Shaw has called them “unquantifiable,” a term that might resonate with the staff of Boston’s Museum of Bad Art. Founded in 1993, the institution avoids collecting the merely incompetent. Instead, said
curator Michael Frank, they seek out “pieces that exhibit good technique used to create images of questionable taste.”
Unlike the artists behind many of Shaw’s thrift-store paintings, the “bad painters” of art history were often technically skilled. They made a conscious decision to ignore the standards of good taste and good style, which wasn’t always intuitive. Jenney, for example, said he used to get the itch to fix his bad paintings.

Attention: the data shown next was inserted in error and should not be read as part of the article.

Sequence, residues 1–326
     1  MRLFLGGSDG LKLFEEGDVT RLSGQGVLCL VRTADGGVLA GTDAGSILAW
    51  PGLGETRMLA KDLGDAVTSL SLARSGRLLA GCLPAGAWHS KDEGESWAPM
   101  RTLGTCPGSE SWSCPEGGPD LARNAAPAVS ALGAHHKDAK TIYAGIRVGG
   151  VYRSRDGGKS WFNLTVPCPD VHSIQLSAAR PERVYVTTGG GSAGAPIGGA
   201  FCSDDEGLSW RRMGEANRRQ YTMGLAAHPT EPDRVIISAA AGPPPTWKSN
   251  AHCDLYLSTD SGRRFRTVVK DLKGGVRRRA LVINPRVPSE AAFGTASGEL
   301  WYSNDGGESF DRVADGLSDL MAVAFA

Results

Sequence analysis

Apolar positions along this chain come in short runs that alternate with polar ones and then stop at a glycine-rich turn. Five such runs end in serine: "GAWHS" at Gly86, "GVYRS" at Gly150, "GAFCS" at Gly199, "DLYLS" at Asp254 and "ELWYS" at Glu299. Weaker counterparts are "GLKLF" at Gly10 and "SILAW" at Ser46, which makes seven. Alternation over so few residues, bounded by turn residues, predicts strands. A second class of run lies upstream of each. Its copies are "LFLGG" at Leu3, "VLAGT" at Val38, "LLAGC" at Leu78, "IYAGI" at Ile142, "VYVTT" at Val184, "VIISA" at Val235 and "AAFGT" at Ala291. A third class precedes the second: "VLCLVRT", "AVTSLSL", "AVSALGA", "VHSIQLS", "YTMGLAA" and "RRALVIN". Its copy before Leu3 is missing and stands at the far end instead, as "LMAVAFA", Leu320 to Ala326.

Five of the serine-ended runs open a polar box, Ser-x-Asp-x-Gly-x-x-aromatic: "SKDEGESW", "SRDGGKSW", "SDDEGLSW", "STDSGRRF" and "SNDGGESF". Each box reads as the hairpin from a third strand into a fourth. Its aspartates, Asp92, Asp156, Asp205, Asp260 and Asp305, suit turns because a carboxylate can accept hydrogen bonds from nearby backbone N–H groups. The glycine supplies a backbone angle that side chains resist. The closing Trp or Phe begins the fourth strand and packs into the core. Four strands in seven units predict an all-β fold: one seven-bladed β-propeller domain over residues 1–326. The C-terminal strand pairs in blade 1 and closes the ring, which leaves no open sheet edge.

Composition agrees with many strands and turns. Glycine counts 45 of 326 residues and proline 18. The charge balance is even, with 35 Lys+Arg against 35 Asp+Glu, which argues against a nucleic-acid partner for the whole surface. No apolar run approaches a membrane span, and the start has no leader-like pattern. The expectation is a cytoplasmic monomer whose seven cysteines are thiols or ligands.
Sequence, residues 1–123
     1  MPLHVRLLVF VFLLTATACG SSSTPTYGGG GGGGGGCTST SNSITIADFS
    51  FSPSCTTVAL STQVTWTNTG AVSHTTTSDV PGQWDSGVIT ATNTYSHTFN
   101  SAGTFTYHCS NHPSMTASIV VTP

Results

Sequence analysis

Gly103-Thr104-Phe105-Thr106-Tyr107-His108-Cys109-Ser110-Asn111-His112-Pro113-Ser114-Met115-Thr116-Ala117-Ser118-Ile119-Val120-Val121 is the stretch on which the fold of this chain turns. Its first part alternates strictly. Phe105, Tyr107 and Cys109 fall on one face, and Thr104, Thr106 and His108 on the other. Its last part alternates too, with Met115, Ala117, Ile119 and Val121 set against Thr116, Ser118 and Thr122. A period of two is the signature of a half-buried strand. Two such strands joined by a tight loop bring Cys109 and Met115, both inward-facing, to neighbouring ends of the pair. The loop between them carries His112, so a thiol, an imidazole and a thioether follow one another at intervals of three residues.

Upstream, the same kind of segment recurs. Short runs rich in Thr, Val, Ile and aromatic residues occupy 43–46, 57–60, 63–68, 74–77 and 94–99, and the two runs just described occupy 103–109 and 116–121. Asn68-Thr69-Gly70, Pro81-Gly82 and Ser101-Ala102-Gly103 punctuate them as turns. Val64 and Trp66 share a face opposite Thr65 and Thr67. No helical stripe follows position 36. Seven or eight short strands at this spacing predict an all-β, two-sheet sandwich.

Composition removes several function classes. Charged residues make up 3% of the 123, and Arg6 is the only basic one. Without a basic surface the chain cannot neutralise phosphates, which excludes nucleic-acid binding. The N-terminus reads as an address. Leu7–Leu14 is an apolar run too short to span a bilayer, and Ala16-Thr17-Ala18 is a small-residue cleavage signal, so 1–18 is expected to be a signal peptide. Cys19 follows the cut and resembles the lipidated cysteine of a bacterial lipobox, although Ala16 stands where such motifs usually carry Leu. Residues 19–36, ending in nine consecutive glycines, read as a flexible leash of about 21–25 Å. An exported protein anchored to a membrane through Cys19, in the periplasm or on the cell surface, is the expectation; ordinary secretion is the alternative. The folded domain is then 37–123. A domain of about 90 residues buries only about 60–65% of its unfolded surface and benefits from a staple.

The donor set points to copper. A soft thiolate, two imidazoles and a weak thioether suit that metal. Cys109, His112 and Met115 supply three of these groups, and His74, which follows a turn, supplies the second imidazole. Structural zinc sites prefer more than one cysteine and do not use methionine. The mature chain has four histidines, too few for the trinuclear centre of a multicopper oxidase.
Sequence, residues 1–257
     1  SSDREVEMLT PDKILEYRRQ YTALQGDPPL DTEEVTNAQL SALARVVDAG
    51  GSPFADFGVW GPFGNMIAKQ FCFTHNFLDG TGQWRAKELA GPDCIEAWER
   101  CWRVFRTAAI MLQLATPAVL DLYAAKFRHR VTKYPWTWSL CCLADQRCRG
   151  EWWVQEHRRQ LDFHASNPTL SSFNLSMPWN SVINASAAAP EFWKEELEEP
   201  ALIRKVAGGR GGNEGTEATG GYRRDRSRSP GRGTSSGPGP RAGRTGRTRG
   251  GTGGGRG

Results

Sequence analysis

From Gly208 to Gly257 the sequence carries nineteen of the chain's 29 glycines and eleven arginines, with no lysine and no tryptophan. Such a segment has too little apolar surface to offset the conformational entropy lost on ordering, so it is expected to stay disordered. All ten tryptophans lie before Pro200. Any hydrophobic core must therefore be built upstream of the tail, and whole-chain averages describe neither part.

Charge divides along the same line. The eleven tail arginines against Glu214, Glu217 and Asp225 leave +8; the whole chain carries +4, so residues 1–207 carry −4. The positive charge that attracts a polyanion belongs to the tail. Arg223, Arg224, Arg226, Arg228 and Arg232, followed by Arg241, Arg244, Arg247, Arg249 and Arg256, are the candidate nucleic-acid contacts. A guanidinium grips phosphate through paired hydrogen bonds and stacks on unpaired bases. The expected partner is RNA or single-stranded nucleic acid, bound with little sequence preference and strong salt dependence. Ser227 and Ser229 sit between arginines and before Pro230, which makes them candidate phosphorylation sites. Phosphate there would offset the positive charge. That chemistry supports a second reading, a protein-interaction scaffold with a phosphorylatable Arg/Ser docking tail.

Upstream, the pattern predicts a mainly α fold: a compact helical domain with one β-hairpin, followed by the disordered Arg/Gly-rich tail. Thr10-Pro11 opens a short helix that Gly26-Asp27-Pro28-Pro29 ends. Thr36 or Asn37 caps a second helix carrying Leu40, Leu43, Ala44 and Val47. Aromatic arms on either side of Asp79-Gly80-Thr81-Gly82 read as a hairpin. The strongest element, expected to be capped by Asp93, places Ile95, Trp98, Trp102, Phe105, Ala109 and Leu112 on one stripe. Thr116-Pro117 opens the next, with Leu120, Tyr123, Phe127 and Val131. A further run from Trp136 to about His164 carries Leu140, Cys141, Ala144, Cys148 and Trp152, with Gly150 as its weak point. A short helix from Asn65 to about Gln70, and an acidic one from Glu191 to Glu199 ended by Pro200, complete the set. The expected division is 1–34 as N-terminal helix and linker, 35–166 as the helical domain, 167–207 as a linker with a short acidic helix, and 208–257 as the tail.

“In the beginning, I said, ‘Whatever happens, I accept it.’ But I did one that had a little boy, and a big glob of green grass landed right on his face.” The rules, he knew, dictated that it had to stay. But “the more I looked, I realized, ‘Wait a minute, that is out of line. That is too distracting, it’s like losing the mood here.’ And I went over and wiped it off while it was still wet.”
There is such a thing as too bad, after all.